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Updates on Estonia
31 Dec 2005
On 5 December 2001, the Parliament of Estonia adopted the Rome Statute Ratification Act. Concurrently, amendments to the Code of Criminal Procedure were approved in order to implement the Statute and to ensure proper co-operation with the Court when the Rome Statute entered into force. Two Acts (“the Ratification Act” and “the ICC Procedure Act”) contain minimal implementing provisions and were enacted in the end of 2001.

A new Penal Code entered into force in September 2002. It incorporates extensive definitions of genocide, war crimes and crimes against humanity under the section “Offences against Humanity and International Security”. The Penal Code also provides for the non-applicability of statutory limitation to offences against humanity. For the English version of the penal code of Estonia, visit: www.legislationline.org/data/Documents/Estonia_CC.htm

Previously, the government approved the draft ratification bill on 21 August 2001 and it was submitted to the Legal Committee of the Parliament. The draft was prepared by the Ministries of Justice and Foreign Affairs and includes provisions for implementation of the Rome Statute into national law.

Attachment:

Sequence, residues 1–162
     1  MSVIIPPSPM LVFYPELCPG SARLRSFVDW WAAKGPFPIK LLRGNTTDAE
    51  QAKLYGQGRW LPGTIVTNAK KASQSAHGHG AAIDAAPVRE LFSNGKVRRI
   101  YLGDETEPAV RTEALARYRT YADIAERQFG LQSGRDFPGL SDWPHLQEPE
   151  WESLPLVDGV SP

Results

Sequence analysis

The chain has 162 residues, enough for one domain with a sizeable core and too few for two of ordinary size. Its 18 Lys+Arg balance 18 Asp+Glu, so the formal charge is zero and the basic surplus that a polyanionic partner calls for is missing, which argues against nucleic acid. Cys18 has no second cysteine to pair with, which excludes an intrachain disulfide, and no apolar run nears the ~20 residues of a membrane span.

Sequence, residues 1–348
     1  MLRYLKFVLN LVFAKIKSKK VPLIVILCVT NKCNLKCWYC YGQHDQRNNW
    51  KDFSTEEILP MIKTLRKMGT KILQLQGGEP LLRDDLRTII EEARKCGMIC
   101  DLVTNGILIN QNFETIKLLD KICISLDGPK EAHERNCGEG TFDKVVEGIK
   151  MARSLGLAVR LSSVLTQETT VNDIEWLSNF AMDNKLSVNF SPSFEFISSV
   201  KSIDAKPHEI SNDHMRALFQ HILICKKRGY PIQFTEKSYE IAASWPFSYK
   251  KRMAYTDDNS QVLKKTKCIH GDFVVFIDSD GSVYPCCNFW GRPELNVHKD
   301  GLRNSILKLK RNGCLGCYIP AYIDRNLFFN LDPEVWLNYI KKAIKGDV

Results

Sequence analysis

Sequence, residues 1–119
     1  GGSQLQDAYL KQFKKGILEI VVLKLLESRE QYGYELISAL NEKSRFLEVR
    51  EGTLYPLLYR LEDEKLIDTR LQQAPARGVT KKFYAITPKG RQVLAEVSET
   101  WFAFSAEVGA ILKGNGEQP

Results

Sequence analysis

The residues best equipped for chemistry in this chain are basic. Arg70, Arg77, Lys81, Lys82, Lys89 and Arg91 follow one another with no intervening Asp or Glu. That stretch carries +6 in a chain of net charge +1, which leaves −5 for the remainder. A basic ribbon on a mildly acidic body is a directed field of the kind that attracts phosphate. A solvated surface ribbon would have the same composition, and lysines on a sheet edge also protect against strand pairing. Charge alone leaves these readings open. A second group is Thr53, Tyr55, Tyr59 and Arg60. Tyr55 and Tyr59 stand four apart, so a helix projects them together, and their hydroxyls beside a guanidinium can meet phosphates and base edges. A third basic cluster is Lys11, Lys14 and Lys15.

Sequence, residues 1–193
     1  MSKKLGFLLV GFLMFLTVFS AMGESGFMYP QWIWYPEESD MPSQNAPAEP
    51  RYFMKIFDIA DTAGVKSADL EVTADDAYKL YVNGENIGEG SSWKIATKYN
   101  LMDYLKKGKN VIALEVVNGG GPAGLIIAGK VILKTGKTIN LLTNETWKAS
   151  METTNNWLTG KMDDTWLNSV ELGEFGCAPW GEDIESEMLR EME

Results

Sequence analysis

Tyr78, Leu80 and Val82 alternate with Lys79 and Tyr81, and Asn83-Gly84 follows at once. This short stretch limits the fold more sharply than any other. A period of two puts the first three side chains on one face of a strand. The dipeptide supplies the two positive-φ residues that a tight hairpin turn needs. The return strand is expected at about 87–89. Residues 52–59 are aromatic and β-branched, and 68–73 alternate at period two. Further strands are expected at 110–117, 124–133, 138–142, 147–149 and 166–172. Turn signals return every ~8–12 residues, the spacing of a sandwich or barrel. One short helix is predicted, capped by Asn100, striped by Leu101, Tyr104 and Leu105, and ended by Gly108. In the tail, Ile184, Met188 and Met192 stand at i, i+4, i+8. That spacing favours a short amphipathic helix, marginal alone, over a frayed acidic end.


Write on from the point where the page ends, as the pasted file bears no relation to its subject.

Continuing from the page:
The national laws of Estonia cover most of the crimes in the Rome Statute, as it has implemented the Genocide Convention and Geneva Conventions. Some aspects of the definitions of crimes are even broader than those in the Rome Statute and provide for universal jurisdiction. The Constitution of Estonia allows extradition of its nationals to a foreign state under prescription of an international treaty, unless the Prosecutor's office finds such extradition "legally unjustified." Although the potential need for constitutional amendment was identified with regard to immunities granted to the President, members of Parliament, and other high-ranking officials, this has been resolved; the government was working with the European Union with respect to the immunities issue.